THE ELDERLY AND THE HOLIDAY SEASON

Every year I update this post because of the different scams that are happening every year. It is important to keep our seniors and ourselves abreast of what is happening during this time of year.

The holidays tend to bring out the best and the worst in our society. People tend to become more generous than usual. Unfortunately, this is what scammers are counting on. Scammers also are searching Facebook and other sites for personal information to sound as if they know you.

According to the Better Business Bureau, Christmas is the time that scammers rely on the elderly to be more generous, concocting elaborate schemes and “sad stories” to tug that their heartstrings. One of the most recent scams targeted at seniors is the distress call regarding grandchildren. The caller tells the victims that he/she is their grandchild or calling for their grandchild. He/she tells them he/she or the grandchild is in trouble out of state and needs cash wired right away. The caller also tells the elderly victims not to tell his/her mother or father, according to police.

Another cruel scam is the Funeral & Cemetery Scams.  Scammers read obituaries and call a grieving widow or widower claiming the deceased had an outstanding bill with them and then try to extort money from relatives to settle the fake debt. In another tactic, disreputable funeral homes will attempt to capitalize on family members’ unfamiliarity with the cost of funeral services to add unnecessary charges to the bill or attempt to sell high-end products or services.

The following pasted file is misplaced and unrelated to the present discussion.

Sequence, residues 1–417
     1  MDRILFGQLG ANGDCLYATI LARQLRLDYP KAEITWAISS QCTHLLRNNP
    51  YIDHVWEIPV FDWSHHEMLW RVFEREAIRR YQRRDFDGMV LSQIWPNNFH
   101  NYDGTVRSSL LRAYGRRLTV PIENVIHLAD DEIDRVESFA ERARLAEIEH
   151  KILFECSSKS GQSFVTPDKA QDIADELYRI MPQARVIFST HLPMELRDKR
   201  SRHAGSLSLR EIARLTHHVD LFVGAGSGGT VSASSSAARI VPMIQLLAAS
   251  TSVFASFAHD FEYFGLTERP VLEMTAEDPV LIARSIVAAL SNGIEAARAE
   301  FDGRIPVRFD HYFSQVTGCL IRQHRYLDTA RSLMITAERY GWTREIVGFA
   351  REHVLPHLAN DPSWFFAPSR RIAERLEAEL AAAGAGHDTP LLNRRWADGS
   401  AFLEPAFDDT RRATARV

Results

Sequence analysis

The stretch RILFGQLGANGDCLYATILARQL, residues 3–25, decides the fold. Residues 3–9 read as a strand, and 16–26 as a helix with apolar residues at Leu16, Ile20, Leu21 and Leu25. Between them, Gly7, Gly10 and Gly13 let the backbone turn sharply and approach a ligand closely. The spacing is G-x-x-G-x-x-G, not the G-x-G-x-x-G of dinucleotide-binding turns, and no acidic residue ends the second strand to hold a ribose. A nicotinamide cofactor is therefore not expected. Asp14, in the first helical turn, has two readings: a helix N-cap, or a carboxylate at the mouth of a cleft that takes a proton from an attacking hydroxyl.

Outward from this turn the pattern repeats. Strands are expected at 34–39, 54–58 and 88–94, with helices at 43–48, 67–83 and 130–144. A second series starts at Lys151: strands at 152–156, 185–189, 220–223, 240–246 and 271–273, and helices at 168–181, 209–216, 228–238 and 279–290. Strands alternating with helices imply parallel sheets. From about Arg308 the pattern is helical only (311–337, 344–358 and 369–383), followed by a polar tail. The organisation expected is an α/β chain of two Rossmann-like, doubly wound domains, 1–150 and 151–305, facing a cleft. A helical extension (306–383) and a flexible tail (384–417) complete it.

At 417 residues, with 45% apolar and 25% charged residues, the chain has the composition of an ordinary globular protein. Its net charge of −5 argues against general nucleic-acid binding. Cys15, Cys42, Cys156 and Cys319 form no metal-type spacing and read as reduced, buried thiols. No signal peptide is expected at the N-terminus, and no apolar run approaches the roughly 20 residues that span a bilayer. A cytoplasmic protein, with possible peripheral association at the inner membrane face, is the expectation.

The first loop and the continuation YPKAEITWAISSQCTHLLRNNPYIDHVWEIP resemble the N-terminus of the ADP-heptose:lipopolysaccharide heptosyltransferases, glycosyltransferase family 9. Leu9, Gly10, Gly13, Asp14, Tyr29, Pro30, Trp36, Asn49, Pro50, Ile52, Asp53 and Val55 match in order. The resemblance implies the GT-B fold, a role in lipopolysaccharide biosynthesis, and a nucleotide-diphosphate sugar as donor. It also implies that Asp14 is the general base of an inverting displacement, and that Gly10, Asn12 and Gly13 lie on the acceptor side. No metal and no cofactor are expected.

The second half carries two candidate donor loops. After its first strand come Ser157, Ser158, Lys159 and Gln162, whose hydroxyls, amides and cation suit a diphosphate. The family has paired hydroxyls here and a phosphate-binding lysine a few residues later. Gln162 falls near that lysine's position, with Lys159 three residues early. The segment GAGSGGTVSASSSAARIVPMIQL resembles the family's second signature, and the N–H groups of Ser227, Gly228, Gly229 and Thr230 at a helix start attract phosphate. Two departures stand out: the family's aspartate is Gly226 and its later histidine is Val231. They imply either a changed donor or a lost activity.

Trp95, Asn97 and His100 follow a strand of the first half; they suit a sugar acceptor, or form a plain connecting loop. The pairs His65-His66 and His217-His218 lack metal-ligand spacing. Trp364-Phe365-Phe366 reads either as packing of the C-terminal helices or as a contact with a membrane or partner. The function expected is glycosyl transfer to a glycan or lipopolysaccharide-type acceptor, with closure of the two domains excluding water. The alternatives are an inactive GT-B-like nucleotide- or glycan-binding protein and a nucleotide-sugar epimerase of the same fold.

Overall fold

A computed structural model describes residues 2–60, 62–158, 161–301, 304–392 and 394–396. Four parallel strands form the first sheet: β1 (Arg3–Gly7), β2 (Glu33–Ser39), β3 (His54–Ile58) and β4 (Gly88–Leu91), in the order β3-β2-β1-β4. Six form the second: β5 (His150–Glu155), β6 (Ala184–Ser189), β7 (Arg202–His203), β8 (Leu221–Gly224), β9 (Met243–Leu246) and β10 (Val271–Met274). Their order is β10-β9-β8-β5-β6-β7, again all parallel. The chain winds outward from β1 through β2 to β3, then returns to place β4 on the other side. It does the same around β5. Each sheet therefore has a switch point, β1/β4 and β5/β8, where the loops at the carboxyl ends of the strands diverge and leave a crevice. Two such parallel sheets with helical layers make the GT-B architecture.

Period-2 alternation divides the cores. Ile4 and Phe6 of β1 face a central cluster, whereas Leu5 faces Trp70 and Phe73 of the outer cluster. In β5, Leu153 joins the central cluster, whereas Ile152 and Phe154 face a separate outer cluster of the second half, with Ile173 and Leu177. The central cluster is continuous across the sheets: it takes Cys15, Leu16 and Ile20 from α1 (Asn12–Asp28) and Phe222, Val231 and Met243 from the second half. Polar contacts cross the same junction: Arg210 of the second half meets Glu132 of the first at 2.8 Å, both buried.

The U.S. Department of Justice estimates that dishonest telemarketers take in an estimated $40 billion each year, bilking one in six American consumers — and the AARP claims that about 80% of them are 50 or older Older adults can protect themselves by:

1. throwing junk mail away;

2. question the caller, usually this will deter him/her from speaking further;

3. when you are on the internet, make sure that you are on a secure site, particularly when making online purchases;

4. make sure that you do not select “remember me”or the “keep me signed in” to prevent anyone from accessing your online banking or shopping accounts;

5. do not give personal information over the phone;
contact the Better Business Bureau if you have questions about a potential contractor;

6. visit the Federal Trade Commission at http://www.ftc.gov, the National Consumer League at http://www.nclnet.org and AARP at http://www.aarp.org for the latest financial scams and reports.

As I always mention, please report all incidents to the proper authorities. You can also find information on the National Center on Elder Abuse’s website at http://www.ncea.aoa.gov.

If you live in Philadelphia, PA or the surrounding areas or in the State of New Jersey, you may contact the Pile Law Firm at 610-718-6368 for assistance in elder law and estate planning matters. The website is http://www.pilelaw.com.

Please feel free to leave your questions or comments.

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